There are many other techniques too. One can keep a file of positive reinforcement so that even on the down days one has a bible of sorts they can turn to. Then there is the 3-6-9 method popularised on Tik-Tok, in which one writes down what they want three times, why they’re manifesting it six times, and how the desire makes them feel nine times, all from the perspective of having already achieved their goal [2].

This perspective shift is often relied upon. Practitioners adopt the mindset of the future version of themselves that has already achieved their goals in the hope it will act as a blueprint for how to get there. Some techniques externalise this shift, insisting people dress like the version of themselves they see themselves becoming, adopting a posture that demonstrates power and confidence, and surrounding themselves with people who fit their vision.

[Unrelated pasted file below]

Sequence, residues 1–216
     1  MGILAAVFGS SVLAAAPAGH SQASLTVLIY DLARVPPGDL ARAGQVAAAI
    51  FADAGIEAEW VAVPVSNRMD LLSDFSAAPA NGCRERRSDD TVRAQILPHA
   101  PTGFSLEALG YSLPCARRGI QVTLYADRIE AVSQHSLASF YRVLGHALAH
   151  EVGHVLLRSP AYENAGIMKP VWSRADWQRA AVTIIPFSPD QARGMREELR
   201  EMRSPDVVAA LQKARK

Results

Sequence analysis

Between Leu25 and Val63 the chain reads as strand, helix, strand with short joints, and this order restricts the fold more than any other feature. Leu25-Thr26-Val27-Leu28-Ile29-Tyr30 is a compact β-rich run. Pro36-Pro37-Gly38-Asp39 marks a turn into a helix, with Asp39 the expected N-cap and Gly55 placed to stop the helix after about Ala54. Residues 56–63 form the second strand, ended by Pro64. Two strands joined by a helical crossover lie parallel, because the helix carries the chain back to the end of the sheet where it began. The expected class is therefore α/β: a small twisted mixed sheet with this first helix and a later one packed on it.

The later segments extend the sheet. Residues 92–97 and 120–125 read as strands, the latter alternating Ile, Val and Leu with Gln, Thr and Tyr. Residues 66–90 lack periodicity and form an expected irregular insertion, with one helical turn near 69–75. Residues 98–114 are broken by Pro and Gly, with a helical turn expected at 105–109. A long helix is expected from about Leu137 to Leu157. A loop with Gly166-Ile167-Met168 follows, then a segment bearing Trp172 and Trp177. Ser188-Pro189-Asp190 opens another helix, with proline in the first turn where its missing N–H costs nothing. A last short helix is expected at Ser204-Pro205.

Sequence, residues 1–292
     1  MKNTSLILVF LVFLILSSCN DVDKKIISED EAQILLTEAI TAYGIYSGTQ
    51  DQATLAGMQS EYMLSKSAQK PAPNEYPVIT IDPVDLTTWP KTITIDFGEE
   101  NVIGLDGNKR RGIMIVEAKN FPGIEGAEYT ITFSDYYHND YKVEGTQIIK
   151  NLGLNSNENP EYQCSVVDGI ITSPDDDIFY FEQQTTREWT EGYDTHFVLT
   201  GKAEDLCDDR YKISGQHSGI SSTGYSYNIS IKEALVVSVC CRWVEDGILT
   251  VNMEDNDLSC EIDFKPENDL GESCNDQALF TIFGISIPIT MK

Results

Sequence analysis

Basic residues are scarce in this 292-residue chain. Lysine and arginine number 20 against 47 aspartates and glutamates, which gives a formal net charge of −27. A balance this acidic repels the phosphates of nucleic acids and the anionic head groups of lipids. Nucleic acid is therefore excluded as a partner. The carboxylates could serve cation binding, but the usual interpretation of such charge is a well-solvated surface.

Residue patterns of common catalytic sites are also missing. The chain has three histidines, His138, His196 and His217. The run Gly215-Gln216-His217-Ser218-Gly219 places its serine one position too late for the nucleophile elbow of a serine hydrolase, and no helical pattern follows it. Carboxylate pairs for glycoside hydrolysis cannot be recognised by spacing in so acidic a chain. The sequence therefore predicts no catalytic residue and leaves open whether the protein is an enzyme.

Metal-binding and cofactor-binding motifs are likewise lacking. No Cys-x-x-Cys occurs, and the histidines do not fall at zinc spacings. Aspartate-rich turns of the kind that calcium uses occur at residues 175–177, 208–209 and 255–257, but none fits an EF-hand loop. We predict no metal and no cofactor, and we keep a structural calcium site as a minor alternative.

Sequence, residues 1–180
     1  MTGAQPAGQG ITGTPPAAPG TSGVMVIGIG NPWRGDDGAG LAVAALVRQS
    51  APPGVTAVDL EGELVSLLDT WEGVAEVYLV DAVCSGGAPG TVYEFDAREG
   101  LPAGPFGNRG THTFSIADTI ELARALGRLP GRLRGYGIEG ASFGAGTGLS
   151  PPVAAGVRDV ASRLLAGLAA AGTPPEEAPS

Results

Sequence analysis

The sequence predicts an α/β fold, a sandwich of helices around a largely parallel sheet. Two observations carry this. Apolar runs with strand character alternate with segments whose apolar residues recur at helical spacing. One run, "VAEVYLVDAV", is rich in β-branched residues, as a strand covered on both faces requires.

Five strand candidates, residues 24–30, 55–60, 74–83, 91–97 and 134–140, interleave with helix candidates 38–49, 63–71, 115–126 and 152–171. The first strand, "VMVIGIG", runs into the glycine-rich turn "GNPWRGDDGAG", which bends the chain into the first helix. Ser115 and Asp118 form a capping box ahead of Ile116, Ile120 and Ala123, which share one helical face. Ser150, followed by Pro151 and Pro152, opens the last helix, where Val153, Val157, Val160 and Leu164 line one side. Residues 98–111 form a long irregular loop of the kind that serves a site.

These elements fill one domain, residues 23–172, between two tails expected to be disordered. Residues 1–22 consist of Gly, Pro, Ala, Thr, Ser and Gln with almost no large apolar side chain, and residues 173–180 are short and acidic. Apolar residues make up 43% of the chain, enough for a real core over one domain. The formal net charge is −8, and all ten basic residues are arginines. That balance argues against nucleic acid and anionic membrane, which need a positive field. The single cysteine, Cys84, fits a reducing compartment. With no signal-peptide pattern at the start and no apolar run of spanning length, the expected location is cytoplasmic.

A pre-fame Jim Carey would use visualisations early in his career and famously wrote himself a cheque for ten million dollars for “acting services rendered” with the expiry date set three years in advance [3]. Just prior to this expiry, he was paid ten million dollars for Dumb & Dumber.

The rise of manifestation

Manifestation is not a new phenomenon. As noted, Oprah was preaching its possibilities back in 1997 and Jim Carey cut his cheque in the early 1990s, but its roots stretch back further still.

Manifestation is thought to be born of the New Thought movement of the 19th century. Rather than being beholden to any particular religious tradition, it stems from an intermixing of teachings from Jesus, Greek philosophy, and pop psychology, amongst others [4].